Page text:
ASP.NET apps have a global configuration file called Web.config and because apps are published in several configurations (e.g. Debug and Release), there is a simple way to transform the web.config using transformation files instead of keeping two nearly identical web.config files at once. It is a great feature (it also works for App.config).
It works like this: you have a base Web.config and transformation files named Web.$(configuration).config (e.g. Web.Release.config) that transform the original Web.config (e.g. specifying smtp server) during deploy or publish.
The transformation files make it very easy to change Web.config, e.g. following snippet adds a key to the
<?xml version="1.0" encoding="utf-8"?> <!-- For more information on using web.config transformation visit http://go.microsoft.com/fwlink/?LinkId=125889 --> <configuration xmlns:xdt="http://schemas.microsoft.com/XML-Document-Transform"> <appSettings> <add key="Version" value="3.15" xdt:Transform="Insert"/> </appSettings> </configuration>
You can look up info about possible transformations in the official documentation or for quick review go to the Scott Hanselman blog.
This allows one transformation, but you can have two chained transformations if you use publish profiles.
It is simple to do, in the context menu of the profile click on the Add Config Transform and Visual Studio will create a new transformation file that is applied after the build configuration transformation.
In the following image you can see the result of staged transformation (Web.Debug.config and then Web.Integration.config, see red rectangle). You can see the diff between the original Web.config and transformed one using the “Preview Transform” item of the Web.$(configuration).config context menu.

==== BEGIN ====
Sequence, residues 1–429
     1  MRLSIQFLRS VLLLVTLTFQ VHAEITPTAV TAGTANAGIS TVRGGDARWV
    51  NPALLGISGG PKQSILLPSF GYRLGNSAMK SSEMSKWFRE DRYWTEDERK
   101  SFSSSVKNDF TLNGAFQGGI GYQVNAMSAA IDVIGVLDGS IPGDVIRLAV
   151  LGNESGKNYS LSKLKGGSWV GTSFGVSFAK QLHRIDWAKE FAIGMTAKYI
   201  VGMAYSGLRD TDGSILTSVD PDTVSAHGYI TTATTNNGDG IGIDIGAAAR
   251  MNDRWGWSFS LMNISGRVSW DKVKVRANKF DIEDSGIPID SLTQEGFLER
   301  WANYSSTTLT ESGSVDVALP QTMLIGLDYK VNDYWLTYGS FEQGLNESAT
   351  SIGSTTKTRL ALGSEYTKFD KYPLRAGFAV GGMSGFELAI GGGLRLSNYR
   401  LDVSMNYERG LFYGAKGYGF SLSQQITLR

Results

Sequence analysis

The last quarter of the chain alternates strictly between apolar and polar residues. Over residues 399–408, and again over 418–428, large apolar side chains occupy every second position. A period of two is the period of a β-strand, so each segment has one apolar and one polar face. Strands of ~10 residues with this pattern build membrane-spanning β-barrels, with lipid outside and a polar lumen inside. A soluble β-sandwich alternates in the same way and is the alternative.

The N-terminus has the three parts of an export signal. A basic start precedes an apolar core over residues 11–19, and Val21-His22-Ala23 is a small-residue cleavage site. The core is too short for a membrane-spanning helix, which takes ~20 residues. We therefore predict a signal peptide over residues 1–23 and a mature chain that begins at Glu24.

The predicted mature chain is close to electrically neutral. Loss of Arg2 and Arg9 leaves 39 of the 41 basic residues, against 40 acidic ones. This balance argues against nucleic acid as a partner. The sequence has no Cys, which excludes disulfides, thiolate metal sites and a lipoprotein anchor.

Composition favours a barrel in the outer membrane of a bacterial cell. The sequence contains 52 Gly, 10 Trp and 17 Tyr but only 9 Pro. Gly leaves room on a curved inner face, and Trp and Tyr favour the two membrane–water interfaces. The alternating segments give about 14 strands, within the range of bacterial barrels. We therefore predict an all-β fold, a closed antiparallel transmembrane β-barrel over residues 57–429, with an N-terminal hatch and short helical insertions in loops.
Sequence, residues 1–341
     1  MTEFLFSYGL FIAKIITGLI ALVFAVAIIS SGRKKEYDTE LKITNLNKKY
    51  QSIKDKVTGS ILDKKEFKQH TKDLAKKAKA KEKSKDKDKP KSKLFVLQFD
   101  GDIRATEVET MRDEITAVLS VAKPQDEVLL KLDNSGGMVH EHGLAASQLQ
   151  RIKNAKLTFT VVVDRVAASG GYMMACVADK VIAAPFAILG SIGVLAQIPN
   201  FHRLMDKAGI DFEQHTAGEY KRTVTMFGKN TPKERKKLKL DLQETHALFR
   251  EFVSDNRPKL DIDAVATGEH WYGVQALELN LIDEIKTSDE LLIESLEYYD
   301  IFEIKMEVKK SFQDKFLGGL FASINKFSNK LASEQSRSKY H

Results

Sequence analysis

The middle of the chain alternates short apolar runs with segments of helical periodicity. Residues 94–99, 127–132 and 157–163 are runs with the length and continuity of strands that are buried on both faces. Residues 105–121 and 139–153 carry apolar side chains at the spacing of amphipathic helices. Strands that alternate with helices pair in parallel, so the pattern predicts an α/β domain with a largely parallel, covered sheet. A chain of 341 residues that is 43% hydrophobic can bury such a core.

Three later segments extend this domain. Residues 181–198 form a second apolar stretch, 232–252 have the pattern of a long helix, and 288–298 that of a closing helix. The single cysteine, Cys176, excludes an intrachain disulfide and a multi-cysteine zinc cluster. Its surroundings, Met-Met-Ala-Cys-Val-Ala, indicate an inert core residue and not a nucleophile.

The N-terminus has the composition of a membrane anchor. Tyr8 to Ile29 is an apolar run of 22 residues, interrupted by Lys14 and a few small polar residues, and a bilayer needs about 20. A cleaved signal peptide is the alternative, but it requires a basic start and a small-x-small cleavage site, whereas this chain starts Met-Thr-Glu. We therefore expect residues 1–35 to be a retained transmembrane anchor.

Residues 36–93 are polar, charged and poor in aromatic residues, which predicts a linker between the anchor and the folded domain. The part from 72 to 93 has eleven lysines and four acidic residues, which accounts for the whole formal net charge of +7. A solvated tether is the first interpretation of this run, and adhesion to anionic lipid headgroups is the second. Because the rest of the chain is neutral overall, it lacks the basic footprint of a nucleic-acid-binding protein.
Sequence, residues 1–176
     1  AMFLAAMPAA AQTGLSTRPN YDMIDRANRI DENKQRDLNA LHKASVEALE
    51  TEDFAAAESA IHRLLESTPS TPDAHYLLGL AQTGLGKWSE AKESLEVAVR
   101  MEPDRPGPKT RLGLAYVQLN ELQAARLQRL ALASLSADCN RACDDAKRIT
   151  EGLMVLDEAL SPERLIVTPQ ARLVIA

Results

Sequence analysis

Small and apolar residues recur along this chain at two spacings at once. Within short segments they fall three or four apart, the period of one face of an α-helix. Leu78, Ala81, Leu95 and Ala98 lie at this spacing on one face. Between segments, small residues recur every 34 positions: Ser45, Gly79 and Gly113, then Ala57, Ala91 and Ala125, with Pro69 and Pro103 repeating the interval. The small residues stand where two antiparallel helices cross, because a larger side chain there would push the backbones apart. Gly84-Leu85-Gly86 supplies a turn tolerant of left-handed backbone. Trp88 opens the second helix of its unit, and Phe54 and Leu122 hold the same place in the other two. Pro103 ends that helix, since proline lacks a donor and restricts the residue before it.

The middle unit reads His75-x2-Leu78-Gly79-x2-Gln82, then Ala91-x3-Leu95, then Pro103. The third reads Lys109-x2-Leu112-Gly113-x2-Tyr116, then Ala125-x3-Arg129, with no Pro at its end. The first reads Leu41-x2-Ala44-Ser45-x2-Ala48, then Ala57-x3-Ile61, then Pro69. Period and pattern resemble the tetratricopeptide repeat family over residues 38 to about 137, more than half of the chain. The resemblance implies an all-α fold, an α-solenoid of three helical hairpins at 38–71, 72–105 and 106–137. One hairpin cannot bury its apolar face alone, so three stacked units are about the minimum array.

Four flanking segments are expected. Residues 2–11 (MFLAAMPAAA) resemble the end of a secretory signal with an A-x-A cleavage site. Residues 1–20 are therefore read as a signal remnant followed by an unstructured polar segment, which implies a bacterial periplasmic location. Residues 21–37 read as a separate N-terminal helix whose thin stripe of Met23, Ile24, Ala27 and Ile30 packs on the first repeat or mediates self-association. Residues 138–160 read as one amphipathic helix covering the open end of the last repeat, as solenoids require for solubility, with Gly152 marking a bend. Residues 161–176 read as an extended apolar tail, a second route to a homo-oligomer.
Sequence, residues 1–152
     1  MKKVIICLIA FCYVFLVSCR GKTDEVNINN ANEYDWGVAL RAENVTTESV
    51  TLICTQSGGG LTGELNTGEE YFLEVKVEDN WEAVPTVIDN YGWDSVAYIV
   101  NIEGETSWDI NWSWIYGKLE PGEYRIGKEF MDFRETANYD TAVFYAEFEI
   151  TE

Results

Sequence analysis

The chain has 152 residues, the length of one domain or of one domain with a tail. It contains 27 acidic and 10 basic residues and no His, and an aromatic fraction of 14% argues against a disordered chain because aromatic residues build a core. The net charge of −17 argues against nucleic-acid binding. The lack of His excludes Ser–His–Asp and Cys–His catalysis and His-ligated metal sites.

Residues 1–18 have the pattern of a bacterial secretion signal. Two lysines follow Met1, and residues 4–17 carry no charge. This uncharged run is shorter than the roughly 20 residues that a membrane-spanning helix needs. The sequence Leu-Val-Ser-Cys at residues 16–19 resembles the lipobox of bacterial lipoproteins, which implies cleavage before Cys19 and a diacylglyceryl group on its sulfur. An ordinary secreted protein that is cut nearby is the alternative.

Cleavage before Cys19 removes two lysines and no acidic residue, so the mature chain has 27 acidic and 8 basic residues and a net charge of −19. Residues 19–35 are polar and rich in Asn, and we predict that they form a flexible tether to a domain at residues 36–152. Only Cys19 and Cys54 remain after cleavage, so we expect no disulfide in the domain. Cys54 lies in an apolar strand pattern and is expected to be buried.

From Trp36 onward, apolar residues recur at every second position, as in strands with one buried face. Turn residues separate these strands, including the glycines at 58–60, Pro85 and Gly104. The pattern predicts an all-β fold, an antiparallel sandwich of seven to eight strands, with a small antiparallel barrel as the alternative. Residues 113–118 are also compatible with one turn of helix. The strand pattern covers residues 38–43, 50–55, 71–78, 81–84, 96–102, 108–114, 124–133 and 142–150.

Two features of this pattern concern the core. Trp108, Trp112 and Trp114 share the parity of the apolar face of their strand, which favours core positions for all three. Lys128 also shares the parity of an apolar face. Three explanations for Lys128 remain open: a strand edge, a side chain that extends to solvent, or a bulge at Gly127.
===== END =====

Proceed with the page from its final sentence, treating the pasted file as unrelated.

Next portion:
I thought it would be great, we have 5 different environments (local, CI, INT, ACC, PROD) and for each one two web.configs (i.e. 10 configs in total) that have to be kept in sync. It is a lot of rather error prone work. While testing it out, I encountered following problems:
Web.config is transformed only on publish, not build
We use Visual Studio to program and debug our application, so we simply choose Debug -> Start without debugging. That is troublesome, because the app will use the original, untransformed Web.config, because transformation is done only on Publish or Deploy and the resulting Web.config is stored somewhere else.
I often debug app, change Web.config and the IIS automatically detects that Web.config has changed and reloads the site. When I configured logging, I changed web.config a lot of time.
I am of course not the first person to encounter this, so there are some solutions. The *.csproj project file is only a MSBuild script, it can be modified.
- Rename the base Web.config to Web.generic.config
- Open your *.csproj file in text editor
<Target Name="AfterBuild">target in the *.csproj. It is commented out along with
- Add the TransformXml for Web.Config into the target
<Target Name="AfterBuild"> <TransformXml Source="Web.Generic.Config" Transform="$(ProjectConfigTransformFileName)" Destination="Web.Config" /> </Target>
Now, every time the project is build, the Web.config will be changed. Note that this doesn’t support chained transformation, so only build configuration is applied.
For details see the Making Visual Studio 2010 Web.config Transformations Apply on Every Build. You can also look at this forum thread that provides some other suggestions.
Sensitive information must not be in transformation file
Some information, e.g. password to our production database is not available to developers, so it can’t be in the transformation files, yet I want simple and reliable deploy to production I (as a developer) can do without our PM present. I am hoping to use a Web Deploy Parameters to do that.
- Visual Studio 2012 Web Publishing Improvements – 5 minute video by Scott Hanselman
- MSDN Web.config Transformation Syntax – Some official documentation
- ASP.NET Publishing Explained – 1 hour long video from dotnetConf 2014.
- Web Deployment Made Awesome: If You’re Using XCopy, You’re Doing It Wrong